Worry ≠ Love

The other day after school, my son asked to play in the woods behind his elementary school. He ran ahead, while I stayed to chat for a few minutes with another mom. Then I went to find him.

He wasn't in the first place I looked, or the second, or the third.

I felt that little twinge of worry, that "What if...?" thought, accompanied by a lightning-quick series of mental images of all the ways things could go wrong and how horrible it would feel.

Then I took a deep breath, shook off the images, and ended up finding him close to the first place I'd looked, happily peeling bark off of a dead tree.

What's interesting, though, was noticing my inner commentary as I calmed myself down:

If you were a good parent, you would be worrying right now. You should be feeling guilty about not keeping better track of your child. What if something bad did happen and you were acting all nonchalant? Everyone would think you didn't care!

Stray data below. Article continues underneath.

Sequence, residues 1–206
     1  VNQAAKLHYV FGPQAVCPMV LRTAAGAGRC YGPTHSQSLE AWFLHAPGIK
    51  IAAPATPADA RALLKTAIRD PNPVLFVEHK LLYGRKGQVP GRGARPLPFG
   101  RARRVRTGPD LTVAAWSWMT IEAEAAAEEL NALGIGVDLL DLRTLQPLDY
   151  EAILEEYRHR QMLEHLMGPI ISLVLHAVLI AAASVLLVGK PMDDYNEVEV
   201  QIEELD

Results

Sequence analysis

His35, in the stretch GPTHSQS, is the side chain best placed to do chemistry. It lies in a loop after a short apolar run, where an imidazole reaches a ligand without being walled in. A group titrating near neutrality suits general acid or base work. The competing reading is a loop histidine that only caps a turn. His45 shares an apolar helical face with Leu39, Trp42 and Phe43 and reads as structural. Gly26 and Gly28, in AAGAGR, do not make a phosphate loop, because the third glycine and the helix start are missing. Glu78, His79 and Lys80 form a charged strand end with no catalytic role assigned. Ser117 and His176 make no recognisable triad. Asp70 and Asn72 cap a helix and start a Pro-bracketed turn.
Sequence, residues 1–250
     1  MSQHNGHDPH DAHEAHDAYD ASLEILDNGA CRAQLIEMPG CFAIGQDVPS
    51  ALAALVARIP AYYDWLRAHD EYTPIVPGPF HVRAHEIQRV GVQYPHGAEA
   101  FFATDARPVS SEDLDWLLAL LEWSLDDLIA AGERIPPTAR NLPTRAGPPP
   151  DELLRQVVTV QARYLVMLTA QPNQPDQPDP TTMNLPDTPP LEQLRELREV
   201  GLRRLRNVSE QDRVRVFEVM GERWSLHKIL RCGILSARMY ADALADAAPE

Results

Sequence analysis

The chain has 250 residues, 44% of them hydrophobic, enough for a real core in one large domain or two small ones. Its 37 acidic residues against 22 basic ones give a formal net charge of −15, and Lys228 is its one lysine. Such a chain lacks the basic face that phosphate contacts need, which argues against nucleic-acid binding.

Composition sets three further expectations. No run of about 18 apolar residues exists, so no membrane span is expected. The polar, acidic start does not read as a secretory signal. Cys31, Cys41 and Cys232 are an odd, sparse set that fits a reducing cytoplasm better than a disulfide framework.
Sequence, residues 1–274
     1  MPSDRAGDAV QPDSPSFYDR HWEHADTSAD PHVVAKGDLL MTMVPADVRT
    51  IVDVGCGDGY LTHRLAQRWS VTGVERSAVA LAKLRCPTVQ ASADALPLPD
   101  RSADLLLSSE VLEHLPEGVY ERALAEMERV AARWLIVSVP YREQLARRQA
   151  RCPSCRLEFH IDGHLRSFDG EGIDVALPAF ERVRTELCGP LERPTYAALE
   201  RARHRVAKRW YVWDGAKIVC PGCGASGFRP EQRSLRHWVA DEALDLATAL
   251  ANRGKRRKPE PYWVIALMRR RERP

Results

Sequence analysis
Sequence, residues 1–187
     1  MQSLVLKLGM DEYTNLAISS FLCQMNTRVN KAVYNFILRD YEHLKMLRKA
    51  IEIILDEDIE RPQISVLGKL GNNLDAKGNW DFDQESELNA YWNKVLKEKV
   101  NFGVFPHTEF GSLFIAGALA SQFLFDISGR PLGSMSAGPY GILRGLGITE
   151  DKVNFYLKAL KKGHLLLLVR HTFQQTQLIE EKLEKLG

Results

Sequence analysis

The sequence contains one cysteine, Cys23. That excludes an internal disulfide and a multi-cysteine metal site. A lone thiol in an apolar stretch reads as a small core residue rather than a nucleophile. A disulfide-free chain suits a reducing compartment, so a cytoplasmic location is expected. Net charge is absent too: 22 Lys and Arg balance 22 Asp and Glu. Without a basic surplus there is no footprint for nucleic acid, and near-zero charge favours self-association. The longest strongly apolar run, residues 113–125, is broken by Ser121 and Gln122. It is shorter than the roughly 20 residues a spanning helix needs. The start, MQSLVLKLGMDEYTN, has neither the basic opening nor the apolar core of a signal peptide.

So I wasn't really worried about my son, but I was very worried about people judging me for not worrying about him. Weird.

What was that about? Since when was the amount of worrying I do about people a measure of how much I love them? Does loving people well require that I worry about them? I don't think so. And yet that hidden belief has been operating in the background for who knows how long.

I don't get the sense that the people who really love well -- the Dalai Lamas and Mother Teresas of the world -- go around worrying about people. Just the opposite. Their deep love seems to come with a sense of trust in people, and in life.

It's true for me, too. When I am worrying, I am shut off from actually experiencing love. And that doesn't serve anyone.

I think it's time for me to ditch that Worry = Love belief once and for all.

What about you? How do you relate the experience of worrying about people? Does it feel like love to you? How does it feel when other people worry about you?